Pascal Dusapin’s work, Duo for Two, operates in this way, as an exploration of this schizophrenic discord.
Through a genuine pas de deux in which the partners seduce and reject each other within a centrifugal force, Duo for Two sounds like an imaginary dance, with marked accents and sounds alluding to free jazz.
Bruno Mantovani’s work challenges the interpreters to explore sound fusion. METAL (this title may suggest an alloy) is based on very tense sound superpositions and bold relays between both instruments.
Through very rhythmic combinations causing groovy sensations, the Bb clarinet and the bass clarinet seem complementary – one forming the reflection of the other – the blending finally creating the desired alchemy.
Philippe Hersant’s Ten Duos are to be savoured as miniatures illustrating a guide on the art of a twovoice dialogue. Combined or separated, united or simply adjoined, allies or opponents, the two voices sometimes appear to be evolving together (No.1), sometimes face-to-face (No. 4, No. 6), embracing each other (as in the No. 5, where the voices seek complete, sensual fusion), rejecting or respectfully ignoring one another (as in No. 10).
Sezisler (translated as intuitions or perceptions) from Ahmet Adnan Saygun has a very rhapsodic nature. This work (dating back to 1933, by far the oldest work recorded here) is written as a succession of five short autumnal movements, playing on dialogue and counterpoint, privacy and restraint.
As for Guillaume Connesson, writing for two clarinets was the chance of bringing us into the Scenes from Contemporary Life, as if its prosaic side were a way of answering to the sound of the clarinet, or more likely to the idea of a duet. The instruments cry out joyfully before the displays in the Museum Visit, courting each other gallantly during a Candlelit Dinner. In The DJ’s nightmare, the two clarinets are carried away by powerful and almost hallucinogenic rhythms, evoking a sort of schizoid techno dance.
In the introduction of Parking Schubert, Bernard Cavanna manages to create the illusion of one single instrument playing several voices simultaneously. Thanks to parallel writing for both clarinets, he conjures up sounds from an organ grinder or from a sheng (Chinese mouth organ). However the originality of this work comes also from the idea of duplicity that the clarinet is capable of, when an ethnic melody (evoking Greece) comes to jostle against the more classical sounds of the instrument. From the same is born the diverse, from the similar is born the strange.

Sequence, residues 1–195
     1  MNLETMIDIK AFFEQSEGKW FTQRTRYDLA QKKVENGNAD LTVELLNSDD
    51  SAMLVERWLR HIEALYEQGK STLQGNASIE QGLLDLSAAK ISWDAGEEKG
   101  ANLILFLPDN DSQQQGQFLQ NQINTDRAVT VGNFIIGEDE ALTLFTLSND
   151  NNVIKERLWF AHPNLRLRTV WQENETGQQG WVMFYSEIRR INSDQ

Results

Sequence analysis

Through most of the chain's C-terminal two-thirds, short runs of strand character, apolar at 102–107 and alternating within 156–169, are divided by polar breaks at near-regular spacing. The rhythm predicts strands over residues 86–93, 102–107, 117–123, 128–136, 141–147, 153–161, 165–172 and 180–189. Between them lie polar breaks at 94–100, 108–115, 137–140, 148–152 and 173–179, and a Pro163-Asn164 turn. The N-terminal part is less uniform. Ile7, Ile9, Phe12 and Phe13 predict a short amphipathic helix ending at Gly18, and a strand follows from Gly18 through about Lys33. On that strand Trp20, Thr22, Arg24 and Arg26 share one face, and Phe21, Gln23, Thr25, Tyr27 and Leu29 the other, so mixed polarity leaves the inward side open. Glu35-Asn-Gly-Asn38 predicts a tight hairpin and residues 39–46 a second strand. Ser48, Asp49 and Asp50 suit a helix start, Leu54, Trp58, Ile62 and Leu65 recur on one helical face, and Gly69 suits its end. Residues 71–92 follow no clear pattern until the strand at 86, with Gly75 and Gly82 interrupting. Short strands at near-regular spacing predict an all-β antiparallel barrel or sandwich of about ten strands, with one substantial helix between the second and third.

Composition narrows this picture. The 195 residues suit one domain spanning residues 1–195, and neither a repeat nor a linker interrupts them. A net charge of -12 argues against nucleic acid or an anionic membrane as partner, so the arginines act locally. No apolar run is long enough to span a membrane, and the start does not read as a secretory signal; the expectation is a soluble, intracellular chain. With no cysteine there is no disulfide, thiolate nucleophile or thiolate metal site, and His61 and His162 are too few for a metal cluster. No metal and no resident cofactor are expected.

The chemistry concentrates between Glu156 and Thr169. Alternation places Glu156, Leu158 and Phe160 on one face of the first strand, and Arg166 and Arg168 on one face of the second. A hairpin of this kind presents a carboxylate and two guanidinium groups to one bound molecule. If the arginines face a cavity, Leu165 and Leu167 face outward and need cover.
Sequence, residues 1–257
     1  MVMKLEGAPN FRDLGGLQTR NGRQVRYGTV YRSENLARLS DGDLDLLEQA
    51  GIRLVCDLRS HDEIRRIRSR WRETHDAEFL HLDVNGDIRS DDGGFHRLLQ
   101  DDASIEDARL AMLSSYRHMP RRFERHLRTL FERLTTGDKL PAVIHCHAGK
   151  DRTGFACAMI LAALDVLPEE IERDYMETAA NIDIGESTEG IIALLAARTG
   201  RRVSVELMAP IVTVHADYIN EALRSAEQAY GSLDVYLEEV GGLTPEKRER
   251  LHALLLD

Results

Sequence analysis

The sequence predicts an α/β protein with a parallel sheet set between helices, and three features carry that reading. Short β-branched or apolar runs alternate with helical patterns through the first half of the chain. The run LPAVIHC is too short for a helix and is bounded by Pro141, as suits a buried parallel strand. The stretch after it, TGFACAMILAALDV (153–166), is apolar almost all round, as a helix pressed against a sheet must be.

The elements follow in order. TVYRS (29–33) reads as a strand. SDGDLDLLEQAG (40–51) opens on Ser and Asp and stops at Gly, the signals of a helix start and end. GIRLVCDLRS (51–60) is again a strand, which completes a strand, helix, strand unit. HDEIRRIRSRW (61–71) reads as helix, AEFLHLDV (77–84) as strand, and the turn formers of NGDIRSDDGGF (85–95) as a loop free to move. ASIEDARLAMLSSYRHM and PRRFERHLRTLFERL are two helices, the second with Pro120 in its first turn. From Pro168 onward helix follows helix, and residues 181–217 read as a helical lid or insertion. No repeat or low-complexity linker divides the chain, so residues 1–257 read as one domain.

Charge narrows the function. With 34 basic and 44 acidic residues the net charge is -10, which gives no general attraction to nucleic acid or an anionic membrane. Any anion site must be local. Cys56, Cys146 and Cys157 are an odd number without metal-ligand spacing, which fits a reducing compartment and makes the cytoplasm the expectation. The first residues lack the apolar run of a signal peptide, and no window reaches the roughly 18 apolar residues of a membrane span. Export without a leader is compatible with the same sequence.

Michael Jarrell’s work pulls us vertiginously deeper into the issue of doubling. One clarinet (the Bb clarinet) hides the other (the clarinet in A). The idea of mating these fraternal twins whose sounds are so similar is paradoxical. The title M.P / P.M. (the initials of the work’s creators, Michel Portal and Paul Meyer) expresses this false twinning.
The first movement is a reformulation of a part of the Assonance material (clarinet solo, composed in 1983), but splintered between two clarinets who share the melodic line. The second movement begins with troubling overlapping sounds between the two instruments who each echo as the shadow of the other. In the second part, the use of multiphonic sounds gives birth to true polyphony, where the composition is fully choral. The final is a breathtaking explosion of these two twin stars, speeding by like comets through the spatial vastness of possible colours and dynamics.
Daniel D’Adamo treats us to a different sort of counterpoint in Goodbye Universe \ X. Rather than seeking synchronism and parallelism between the voices, he weaves them in a more articulated manner, with surprise attacks and resonating echoes, causes followed by their effects or by involution. In the end, it is more a contradictory or dialectical way of imagining here the encounter between two other instruments that are rarely paired up: the Bb clarinet and the Eb piccolo clarinet.
With dialogue, the option of discrepancy, of irony and debate comes forth. Bojidar Dimov invites us to these initiatives of language, with his Rituals for Clarinet Duo.
Here, the division of the clarinet family is absolute, from the very rare high-pitched Ab to the also rare double-bass clarinet, in a dizzying alliance of the opposites.
At the heart of all this high-tempered sonorous bantering suddenly appears the option of the spoken word (and before it, the phoneme), as testified by the voices of the two clarinettists from time to time.
We have truly enjoyed creating this recording, especially while conferring with the composers. They all gave us tremendous support and attention, along with precious advice, all for which we thank them wholeheartedly.
We hope we have preserved all the living matter of their music through our recordings, in order to share it with you.